LOUIS MOREAU GOTTSCHALK (1829 - 1869)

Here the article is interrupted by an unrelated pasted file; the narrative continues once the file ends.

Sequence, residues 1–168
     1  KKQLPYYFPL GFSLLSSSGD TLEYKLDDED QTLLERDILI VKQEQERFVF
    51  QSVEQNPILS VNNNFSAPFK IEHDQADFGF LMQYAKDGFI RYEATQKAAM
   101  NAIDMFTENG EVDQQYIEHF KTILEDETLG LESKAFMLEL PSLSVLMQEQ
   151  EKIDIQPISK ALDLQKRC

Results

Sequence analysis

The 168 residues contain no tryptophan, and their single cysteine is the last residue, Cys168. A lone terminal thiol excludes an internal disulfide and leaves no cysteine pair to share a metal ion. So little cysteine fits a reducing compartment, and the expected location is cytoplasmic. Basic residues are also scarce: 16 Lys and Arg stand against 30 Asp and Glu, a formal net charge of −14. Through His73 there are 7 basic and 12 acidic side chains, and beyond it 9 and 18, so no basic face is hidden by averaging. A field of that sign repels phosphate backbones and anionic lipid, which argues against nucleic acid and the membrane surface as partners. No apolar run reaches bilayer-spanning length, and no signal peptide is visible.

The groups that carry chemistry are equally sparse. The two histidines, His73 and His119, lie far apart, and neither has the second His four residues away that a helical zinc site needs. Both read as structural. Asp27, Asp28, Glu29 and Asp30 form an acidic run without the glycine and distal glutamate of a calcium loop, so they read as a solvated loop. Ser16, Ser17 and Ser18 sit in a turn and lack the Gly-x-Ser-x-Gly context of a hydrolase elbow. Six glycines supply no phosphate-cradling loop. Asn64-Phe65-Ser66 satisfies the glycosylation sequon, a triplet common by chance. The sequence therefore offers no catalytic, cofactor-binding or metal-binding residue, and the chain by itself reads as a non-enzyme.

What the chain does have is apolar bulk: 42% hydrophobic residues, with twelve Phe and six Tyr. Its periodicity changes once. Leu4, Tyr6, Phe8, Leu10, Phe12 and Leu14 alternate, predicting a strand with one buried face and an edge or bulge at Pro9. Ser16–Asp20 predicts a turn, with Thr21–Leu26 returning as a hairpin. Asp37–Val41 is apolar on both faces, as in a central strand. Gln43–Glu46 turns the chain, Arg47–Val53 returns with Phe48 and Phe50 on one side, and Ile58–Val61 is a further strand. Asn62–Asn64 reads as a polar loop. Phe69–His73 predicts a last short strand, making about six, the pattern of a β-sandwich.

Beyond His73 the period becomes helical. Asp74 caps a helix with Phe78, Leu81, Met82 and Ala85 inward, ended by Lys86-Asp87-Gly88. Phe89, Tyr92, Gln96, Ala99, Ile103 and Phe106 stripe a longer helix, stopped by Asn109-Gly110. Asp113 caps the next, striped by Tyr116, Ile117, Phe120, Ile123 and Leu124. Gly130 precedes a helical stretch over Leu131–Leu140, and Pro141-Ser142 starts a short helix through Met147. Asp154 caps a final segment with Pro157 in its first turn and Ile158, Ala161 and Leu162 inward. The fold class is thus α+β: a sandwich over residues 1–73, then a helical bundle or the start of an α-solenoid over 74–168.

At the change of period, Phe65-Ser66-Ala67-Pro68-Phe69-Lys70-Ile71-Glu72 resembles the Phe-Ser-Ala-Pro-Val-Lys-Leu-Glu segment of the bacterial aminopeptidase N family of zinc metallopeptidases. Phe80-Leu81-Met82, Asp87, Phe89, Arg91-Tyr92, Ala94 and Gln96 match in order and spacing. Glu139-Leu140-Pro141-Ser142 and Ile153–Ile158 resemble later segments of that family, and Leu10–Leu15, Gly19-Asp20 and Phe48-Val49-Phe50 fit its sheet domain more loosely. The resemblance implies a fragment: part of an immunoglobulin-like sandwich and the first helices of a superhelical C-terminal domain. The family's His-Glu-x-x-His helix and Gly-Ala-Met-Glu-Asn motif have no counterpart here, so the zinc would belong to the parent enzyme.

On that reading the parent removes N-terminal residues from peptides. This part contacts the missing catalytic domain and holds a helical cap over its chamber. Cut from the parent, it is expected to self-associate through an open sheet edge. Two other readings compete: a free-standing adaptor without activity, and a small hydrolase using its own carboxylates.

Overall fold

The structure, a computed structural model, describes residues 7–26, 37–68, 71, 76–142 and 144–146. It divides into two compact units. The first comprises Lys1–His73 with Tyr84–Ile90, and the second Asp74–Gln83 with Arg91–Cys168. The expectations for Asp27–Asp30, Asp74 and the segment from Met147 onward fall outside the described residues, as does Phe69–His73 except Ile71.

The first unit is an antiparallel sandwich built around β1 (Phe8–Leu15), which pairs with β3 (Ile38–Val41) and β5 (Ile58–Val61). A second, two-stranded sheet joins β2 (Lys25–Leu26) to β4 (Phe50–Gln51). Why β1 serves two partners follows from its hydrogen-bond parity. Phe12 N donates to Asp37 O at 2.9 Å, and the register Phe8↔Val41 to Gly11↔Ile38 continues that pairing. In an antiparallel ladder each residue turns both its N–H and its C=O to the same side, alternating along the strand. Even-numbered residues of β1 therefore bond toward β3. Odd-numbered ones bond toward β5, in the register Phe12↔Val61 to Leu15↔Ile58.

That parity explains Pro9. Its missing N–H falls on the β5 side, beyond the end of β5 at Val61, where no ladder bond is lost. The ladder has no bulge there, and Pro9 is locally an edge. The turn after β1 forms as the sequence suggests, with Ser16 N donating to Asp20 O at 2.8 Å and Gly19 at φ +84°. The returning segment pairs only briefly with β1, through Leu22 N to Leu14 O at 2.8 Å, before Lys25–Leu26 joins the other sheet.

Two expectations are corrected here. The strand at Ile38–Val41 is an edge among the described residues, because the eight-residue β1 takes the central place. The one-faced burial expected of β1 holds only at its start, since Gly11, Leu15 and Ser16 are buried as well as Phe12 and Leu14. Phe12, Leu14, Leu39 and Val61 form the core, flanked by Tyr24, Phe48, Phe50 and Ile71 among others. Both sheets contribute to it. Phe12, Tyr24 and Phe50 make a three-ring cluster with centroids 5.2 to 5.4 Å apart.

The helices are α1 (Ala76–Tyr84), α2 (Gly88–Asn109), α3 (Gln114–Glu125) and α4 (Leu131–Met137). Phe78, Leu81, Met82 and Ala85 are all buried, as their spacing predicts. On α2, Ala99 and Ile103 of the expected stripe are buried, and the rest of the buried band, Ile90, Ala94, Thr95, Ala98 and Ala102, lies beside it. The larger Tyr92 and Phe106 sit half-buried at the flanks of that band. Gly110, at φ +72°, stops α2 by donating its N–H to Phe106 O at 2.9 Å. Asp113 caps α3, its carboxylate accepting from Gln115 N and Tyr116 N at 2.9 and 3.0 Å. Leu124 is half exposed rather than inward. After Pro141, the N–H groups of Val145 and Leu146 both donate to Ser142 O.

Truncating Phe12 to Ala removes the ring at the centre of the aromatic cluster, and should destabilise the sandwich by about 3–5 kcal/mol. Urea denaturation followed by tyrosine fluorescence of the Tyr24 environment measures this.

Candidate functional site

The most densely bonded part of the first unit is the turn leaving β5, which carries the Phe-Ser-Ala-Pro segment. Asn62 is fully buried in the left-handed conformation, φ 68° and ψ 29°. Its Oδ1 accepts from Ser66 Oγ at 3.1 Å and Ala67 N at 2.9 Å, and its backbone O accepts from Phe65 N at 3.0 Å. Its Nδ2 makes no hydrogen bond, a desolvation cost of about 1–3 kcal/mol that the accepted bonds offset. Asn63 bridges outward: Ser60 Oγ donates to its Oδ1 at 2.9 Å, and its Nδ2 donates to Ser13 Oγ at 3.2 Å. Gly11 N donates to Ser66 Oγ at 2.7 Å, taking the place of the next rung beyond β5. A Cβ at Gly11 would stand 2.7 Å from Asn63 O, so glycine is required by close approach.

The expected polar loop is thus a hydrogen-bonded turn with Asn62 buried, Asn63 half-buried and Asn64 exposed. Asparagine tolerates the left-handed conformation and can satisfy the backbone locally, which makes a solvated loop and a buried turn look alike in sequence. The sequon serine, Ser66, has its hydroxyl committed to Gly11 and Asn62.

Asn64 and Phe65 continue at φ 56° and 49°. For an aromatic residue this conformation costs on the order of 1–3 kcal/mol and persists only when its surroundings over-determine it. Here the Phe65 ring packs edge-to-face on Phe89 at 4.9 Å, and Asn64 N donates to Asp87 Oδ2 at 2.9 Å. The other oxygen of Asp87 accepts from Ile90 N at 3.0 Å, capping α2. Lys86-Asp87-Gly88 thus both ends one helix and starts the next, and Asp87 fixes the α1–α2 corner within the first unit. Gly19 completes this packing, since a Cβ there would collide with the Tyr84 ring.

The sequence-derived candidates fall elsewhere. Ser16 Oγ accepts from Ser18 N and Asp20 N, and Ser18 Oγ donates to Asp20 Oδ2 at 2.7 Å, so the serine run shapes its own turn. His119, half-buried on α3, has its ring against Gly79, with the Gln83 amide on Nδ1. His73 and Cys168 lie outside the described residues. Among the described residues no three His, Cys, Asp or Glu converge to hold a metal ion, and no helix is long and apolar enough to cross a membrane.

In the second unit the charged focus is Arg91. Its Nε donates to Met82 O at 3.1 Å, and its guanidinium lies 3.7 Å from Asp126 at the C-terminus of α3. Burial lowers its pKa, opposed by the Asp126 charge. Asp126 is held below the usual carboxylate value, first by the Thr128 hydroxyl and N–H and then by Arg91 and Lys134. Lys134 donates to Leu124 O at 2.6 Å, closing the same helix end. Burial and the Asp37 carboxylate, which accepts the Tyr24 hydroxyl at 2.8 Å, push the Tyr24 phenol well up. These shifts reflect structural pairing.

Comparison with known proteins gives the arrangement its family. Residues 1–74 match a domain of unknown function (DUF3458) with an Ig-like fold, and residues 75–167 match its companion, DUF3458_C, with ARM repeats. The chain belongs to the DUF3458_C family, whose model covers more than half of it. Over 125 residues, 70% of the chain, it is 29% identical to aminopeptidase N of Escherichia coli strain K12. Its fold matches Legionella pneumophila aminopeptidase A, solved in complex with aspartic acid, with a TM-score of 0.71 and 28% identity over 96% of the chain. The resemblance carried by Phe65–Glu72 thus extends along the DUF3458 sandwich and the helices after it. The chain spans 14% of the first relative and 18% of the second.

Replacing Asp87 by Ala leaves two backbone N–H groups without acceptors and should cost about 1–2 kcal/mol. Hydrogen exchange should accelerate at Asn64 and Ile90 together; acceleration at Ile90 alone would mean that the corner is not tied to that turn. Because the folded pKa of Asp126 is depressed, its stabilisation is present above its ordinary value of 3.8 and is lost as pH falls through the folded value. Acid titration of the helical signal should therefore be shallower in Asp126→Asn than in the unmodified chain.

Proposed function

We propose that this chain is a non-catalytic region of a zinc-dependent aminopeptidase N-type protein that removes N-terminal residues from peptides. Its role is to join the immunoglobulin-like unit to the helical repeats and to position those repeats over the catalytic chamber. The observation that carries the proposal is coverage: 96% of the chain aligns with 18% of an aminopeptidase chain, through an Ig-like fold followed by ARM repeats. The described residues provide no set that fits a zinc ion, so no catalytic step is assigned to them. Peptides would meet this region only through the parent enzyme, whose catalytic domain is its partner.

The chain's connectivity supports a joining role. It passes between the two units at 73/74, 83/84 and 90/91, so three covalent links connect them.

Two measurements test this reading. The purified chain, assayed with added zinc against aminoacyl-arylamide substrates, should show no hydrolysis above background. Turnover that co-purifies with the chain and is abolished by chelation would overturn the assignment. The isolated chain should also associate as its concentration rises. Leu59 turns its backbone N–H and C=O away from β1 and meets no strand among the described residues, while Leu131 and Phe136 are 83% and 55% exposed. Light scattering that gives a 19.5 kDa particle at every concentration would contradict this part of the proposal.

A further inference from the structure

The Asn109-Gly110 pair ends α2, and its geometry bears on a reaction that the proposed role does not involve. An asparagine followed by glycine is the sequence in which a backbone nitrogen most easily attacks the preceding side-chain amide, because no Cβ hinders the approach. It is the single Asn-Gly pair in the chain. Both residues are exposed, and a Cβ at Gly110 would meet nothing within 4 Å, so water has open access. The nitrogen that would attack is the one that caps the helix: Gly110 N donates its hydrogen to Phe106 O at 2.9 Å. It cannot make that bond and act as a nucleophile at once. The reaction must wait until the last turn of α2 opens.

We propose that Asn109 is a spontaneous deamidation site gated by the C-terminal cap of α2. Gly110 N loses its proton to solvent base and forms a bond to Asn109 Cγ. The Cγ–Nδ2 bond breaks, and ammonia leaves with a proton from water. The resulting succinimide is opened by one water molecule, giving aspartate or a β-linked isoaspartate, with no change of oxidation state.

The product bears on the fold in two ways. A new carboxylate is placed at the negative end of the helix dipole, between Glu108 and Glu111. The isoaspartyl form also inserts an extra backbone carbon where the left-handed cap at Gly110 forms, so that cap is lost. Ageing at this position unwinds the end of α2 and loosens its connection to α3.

A child prodigy pianist who was touring Europe as a virtuoso concert soloist while still a teenager, Louis Moreau Gottschalk provides one of the most colourful chapters in the history of American music. He had received considerable support from his father, both in financial and personal terms. His visit to Europe was a triumph, with his playing being compared with all the great virtuoso pianists of his day. Sadly his youth was shattered by the death of his father, requiring the young man to find the money to support his six brothers and sisters, following his father's death. This demanded endless tours around the States, playing hundreds of concerts per year, many in locations that hardly merited his skills. The stress was to great and eventually his health and mental stamina faltered and he withdrew from the concert stage. The period was brought to an end with his need to earn money, and he resumed his crazy workload. To supplement his income he composed easy salon pieces to meet the growing market for piano music. Eventually a scandal with a young female student eventually drove him into exile in South America. There he met with some renewed success in Brazil, where he organised concerts, among them the monster piano concerts, where thirty-one pianists took part. That hectic life caught up with him, and he died in Brazil at the age of 40. His compositions were of varied quality; those written for orchestra show a composer of who could create memorable and catchy tunes, though whether is unusual orchestration was a matter of skill or an equivalent lack of knowledge is still questionable. The result is never profound or subtle, but has a fresh and uninhibited atmosphere.